Tottori Shan-Shan Festival
Photography by Thaddeus Pope
Obon, or simply Bon, is a Japanese custom of paying honour to the spirits of one’s ancestors and loved ones who have passed away. Now considered to be the second most significant holiday after New Year’s, this Buddhist-Confucian custom has evolved into an important family reunion holiday. During Obon, celebrants return to ancestral sites to tend to their graves in anticipation of a visit from the spirits of their ancestors, who are believed to pay visits to household altars 1, and participate in lively regional festivals with their own unique style of dance.
Obon is one of only a small number of events in Japan that are recognised by the government as national holidays. In a country where paid holidays are still considered a rare luxury, Obon is a precious and highly anticipated occasion, so much so that most companies go on holiday during this time, leaving the hard-working Japanese free to shed their inhibitions and enjoy themselves with their friends and family.
The Bon Dance
Celebrated in Japan for more than 500 years, the custom traditionally includes a dance, known as Bon-odori, or ‘bon dance’, which is typically celebrated around the 15 August. Bon-odori was originally a Nenbutsu 2 folk dance performed to welcome the spirits of the dead. The modern manner of celebration varies in many aspects from region to region, each of which has its own local dance and style of music. The music may consist of songs pertinent to the spiritual message of Obon or to local min’yō 3 folk songs, and some dances involve different kinds of props, such as fans. In the beloved Tottori Shan-Shan festival, umbrellas are used.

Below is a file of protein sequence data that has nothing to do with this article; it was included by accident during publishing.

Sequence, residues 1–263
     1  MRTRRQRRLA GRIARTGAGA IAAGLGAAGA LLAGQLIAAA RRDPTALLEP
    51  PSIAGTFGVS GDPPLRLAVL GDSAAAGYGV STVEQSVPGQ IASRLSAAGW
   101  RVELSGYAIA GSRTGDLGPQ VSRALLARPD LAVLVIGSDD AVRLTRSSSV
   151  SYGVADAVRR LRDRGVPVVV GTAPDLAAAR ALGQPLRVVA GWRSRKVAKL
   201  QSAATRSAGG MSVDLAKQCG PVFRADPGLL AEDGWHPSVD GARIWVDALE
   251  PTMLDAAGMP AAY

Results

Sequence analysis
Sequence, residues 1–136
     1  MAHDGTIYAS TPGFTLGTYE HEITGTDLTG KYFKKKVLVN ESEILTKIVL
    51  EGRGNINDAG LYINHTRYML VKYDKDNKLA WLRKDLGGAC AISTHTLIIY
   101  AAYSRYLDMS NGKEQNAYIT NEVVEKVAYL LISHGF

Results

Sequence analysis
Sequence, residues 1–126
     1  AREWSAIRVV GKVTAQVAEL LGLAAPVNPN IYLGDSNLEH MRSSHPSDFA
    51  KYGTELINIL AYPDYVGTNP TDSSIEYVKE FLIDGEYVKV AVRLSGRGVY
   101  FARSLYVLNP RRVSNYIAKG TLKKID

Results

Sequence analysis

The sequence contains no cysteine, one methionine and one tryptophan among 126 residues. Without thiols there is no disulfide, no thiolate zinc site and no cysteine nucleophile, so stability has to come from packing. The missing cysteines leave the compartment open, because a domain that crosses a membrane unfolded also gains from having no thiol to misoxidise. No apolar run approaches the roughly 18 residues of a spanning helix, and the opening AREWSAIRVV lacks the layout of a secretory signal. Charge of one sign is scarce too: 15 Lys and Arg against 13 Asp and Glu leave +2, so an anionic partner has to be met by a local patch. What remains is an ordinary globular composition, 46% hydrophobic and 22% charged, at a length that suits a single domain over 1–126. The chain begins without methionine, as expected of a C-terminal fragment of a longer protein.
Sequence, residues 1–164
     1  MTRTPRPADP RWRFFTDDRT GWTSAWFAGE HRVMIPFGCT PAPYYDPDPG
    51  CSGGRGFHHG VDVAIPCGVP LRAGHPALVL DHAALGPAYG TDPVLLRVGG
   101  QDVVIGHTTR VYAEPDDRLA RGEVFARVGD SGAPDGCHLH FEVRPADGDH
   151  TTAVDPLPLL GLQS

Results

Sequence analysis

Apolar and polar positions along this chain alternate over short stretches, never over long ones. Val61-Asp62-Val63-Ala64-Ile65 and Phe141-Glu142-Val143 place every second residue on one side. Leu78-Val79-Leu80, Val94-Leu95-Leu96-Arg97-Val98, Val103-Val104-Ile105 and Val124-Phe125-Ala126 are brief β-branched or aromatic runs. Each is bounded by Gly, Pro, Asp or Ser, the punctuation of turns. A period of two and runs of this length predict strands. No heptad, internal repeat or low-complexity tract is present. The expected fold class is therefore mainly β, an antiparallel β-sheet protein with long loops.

A typical Bon dance begins when participants form a circle around a high wooden scaffold, called a yagura, constructed especially for the festival. The yagura usually also serves as the bandstand for the Obon festival musicians and singers. Some dances, however – such as the dance performed at the Tottori Shan-Shan festival – simply proceed in a procession along the town streets. The dance of a particular region may also depict the area’s history and specialisation.
The Bon dance tradition is said to have started in the latter years of the Muromachi period (1336–1573) as a form of public entertainment. Over time the ways in which Bon-odori is practiced may have evolved; however, the joyous and spiritually uplifting dance is still much-cherished public entertainment that is inseparably associated with the summer.
The Tottori Shan-Shan Festival
Though various bon dances take place throughout Japan, the dance performed at the Tottori Shan-Shan Festival can be categorised as kasa-odori, a dance with paper umbrellas, and te-odori, a ‘hand dance’.
Tottori Prefecture is in the western Chugoku region of the main Japanese island, Honshu. It is the least-populous prefecture of Japan, with 570,569 residents (as of 2016), and spans a geographic area of 3,507 sq km (1,354 sq mi). The prefecture is heavily agricultural, and its products are shipped to the major cities of Japan. Tottori Prefecture, together with Shimane Prefecture, is known as the Sanin region, meaning ‘the shady side of the mountains’, because a mountain range separates these two prefectures from Hiroshima and Okayama, resulting in significantly wetter weather than further south. From such weather conditions arose the legend that inspired the yearly festival.
According to a legend from the Edo period (1603–1867), when the town of Kokufu (located to the east of modern-day Tottori City) was suffering from a particularly devastating drought, an elder named Gorosaku took to dancing with an umbrella as an entreaty to the village god to deliver rain. Gorosaku continued to dance with the umbrella until he died, at which point the drought ended.
These days the energetic and impassioned dance is performed with ornamented paper umbrellas – a homage to the umbrella dance performed by Gorosaku. The dance represents the beautiful but gallant local culture of Tottori, a typically quiet prefecture that comes alive for this event. The music played during the Bon dance is not limited to Obon music and min’yō, however: some modern enka 4 hits and children’s tunes, written to the beat of the ondo 5, are also used during dances in the Obon season.